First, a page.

Field paths, tracks and minor lanes
Wooded, grazed and cultivated hills
Best kept on leads and not allowed in Kilpeck churchyard
OS Explorer 189 Hereford & Ross-on-Wye
Spaces beside St Mary's and St David's Church, Kilpeck
None on route
WALKING IN SAFETY
Read our tips to look after yourself and the environment when following this walk.
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About the area
Herefordshire is split in two by the River Wye which meanders through the county on its way to the Severn and the sea. Largely rural, with Hereford, Leominster, and Ross-on-Wye the major towns and cities, its countryside and ancient villages are the county’s major asset.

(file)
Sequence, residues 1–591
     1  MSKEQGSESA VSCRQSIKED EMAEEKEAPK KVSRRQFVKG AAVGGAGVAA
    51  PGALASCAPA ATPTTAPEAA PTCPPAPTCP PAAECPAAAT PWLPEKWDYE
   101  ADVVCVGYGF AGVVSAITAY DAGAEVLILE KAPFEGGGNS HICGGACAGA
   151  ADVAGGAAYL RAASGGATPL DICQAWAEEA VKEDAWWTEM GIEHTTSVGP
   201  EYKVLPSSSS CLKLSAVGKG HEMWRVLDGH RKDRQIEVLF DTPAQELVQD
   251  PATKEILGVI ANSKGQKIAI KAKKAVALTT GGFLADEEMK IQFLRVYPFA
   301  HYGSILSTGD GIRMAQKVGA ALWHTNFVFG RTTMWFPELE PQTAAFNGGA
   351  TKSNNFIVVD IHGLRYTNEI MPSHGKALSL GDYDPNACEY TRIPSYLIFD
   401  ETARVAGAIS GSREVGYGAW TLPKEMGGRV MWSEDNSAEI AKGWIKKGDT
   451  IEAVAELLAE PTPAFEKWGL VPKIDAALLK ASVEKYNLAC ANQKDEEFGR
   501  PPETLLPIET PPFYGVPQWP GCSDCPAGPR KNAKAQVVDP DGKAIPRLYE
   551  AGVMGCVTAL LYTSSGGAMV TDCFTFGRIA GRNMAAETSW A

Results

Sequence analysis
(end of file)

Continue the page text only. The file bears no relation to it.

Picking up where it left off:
Visitors can take advantage of a number of the trails which will guide them through areas of interest. Those especially interested in historic village life should try the Black and White Village Trail, which takes motorists on a 40-mile drive around timber-framed villages from Leominster to Weobley (established in the 17th century and known as a centre of witchcraft in the 18th), Eardisley (where the church boasts a 12th-century carved font), Kington, Pembridge and others. Other trails include the Mortimer Trail, the Hop Trail and the Hidden Highway, which goes from Ross-on-Wye to Chester. Hereford has a small Norman cathedral, which has a great forest of pink sandstone columns lining the nave. Inside is a chained library, a 13th-century Mappa Mundi (map of the world) and one of only four copies of the 1217 version of the Magna Carta.